Seeds sown 30 years ago will be harvested in Salzbourg, Austria,

FIVE Cumbrian lads will travel to Austria next month to represent the C&W Wrestling Association at the European Championships Espoirs Championships of the Federation de Luttes Celtiques.

The competitors are all aged between 16 and 21 years, and will take on wrestlers from Brittany, Austria, Scotland, Sardinia and Holland in two traditional styles of wrestling: the Breton jacket style called Gouren in their own language, and our own back-hold style. Richard Dixon, John Harrington and Paul Barnes will be competing in the lighter weights between 57 and 74kgs, whilst David Barnes will be wrestling at 90kg, and Russell Housby is clearly in the super-heavyweight class over 90kgs. Their coach, Andrew Carlile, thinks that this will be one of the strongest teams ever from this region to contest the Espoirs Championships. All of the young wrestlers have held a youth championships and are skilled and experienced exponents of Cumberland and Westmorland Wrestling. The problem, as always, lies in the Gouren which is much more technical and specialised than their normal style. But both of their coaches, David Atkinson and Andrew Carlile, are experienced exponents of the Breton style, and a new piece of equipment has arrived at the Currock House Gym where the weekly training sessions are held: a crash mat, which allows wrestlers to practice some of the more spectacular throws in safety.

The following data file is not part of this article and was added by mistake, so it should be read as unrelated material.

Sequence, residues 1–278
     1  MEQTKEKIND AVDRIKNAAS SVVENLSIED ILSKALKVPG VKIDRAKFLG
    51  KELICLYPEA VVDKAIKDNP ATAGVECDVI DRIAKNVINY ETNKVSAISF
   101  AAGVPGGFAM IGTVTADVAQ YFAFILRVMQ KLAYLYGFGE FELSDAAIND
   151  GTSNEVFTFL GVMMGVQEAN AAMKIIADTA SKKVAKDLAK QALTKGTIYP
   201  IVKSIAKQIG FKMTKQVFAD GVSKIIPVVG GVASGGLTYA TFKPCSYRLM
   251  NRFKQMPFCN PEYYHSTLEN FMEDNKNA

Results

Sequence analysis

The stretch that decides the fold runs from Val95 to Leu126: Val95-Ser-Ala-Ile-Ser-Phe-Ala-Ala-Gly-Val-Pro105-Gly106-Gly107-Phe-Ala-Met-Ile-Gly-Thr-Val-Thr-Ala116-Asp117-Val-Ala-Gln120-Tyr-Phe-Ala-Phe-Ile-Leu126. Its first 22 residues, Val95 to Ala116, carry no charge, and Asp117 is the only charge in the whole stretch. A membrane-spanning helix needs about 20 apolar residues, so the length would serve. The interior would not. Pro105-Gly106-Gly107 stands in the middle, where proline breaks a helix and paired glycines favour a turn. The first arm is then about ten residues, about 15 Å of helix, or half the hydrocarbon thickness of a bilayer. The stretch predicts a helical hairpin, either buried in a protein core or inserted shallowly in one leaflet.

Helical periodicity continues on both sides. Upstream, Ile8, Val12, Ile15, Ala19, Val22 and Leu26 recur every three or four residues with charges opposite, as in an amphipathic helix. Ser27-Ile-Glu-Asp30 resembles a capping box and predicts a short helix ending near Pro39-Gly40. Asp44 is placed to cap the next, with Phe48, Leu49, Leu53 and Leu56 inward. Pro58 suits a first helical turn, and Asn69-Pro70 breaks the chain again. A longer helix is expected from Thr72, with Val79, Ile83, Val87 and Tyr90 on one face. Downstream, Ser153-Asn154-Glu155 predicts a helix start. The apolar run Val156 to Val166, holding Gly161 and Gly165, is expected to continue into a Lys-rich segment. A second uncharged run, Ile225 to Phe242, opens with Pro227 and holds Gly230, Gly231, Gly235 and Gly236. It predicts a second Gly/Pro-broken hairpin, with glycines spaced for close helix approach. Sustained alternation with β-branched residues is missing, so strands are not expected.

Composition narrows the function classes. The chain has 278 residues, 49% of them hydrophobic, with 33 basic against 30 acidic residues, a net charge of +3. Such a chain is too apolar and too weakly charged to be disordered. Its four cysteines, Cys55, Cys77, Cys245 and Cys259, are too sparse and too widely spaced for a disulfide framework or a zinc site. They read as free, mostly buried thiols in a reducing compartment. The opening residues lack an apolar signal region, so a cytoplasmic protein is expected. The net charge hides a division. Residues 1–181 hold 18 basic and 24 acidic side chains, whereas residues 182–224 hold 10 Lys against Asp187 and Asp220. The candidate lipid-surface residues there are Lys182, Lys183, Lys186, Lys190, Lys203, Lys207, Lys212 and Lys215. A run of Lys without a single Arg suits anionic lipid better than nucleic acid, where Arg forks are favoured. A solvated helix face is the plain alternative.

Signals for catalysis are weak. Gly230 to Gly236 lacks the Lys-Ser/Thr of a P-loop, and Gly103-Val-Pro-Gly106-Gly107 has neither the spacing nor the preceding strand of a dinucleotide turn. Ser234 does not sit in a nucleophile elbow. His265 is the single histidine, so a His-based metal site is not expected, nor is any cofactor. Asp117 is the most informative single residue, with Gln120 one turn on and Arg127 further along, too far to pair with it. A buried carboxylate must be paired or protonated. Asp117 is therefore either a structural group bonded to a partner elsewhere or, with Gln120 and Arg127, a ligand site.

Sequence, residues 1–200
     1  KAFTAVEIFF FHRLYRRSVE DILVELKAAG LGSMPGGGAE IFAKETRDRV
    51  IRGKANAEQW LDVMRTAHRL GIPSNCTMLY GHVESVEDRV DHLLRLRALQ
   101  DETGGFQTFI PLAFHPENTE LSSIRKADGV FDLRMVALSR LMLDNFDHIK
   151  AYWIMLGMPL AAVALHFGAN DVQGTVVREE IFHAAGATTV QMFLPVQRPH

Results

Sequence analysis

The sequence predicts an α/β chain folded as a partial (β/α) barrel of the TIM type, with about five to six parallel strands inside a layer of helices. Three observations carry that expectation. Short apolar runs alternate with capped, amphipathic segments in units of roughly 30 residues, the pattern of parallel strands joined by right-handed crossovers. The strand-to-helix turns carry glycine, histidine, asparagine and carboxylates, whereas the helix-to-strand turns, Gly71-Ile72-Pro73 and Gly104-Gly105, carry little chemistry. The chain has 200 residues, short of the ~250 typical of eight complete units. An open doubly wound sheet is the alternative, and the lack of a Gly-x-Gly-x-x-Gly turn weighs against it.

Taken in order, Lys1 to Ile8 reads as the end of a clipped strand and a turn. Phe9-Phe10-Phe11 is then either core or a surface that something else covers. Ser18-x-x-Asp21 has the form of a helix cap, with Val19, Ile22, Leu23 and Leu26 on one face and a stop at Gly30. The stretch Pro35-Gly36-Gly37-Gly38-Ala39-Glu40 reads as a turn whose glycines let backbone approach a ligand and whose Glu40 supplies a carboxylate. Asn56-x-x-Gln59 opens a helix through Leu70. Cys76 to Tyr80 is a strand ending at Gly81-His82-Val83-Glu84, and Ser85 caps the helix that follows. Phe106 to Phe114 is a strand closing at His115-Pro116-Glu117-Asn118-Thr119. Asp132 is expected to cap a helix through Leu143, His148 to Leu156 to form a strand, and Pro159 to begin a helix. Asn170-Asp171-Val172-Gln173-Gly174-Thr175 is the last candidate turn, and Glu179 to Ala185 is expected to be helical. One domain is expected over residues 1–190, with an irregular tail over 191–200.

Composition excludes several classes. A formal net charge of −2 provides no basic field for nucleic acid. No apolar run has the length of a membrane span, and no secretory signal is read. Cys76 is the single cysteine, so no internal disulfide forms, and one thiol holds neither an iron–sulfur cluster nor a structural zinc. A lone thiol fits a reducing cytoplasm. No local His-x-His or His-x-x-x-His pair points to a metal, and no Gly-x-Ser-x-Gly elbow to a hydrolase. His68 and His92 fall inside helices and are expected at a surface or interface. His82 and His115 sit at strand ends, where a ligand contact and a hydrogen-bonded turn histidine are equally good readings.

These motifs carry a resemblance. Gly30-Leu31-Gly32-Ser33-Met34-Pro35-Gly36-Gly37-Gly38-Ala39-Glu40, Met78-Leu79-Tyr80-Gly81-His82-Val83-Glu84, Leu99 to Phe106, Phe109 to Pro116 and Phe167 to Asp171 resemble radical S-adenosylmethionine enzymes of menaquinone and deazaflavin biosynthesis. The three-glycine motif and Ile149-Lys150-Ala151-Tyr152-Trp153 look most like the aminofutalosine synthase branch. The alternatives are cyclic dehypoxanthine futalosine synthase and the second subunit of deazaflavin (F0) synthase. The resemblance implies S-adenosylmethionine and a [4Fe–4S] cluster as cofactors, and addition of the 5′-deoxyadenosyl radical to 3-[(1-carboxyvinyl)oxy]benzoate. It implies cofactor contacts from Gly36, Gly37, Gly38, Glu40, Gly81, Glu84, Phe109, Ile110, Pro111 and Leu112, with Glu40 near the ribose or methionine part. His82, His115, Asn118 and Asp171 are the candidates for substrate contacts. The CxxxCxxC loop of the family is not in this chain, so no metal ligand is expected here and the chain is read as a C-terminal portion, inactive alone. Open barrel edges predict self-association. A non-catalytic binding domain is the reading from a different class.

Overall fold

The inclusion of the Barnes brothers from Dearham is especially satisfying to me personally, for it shows how efforts put in years ago can unexpectedly bear fruit. From 1970 to 1972 I taught at Trinity School, Carlisle, and ran a lunchtime wrestling session for pupils in the now defunct Strand Road Sports Centre. One of the best prospects at the time was Michael Barnes who made his mark in boys wrestling but then disappeared from the sport. Any sports coach has to accept that only a tiny proportion of those that he coaches will make the grade, and even fewer will sustain their interest over a long period. Michael Barnes re-appeared years later, not as a wrestler, but as the father of wrestlers, encouraging his sons and willing to transport them round the shows and sports meetings.

Seeds sown 30 years ago will be harvested in Salzbourg, Austria, in three weeks time.

Written by © Roger Robson. Photographs by © Roger Robson, Julian Richardson or Linda Scott (May 4th 2011)

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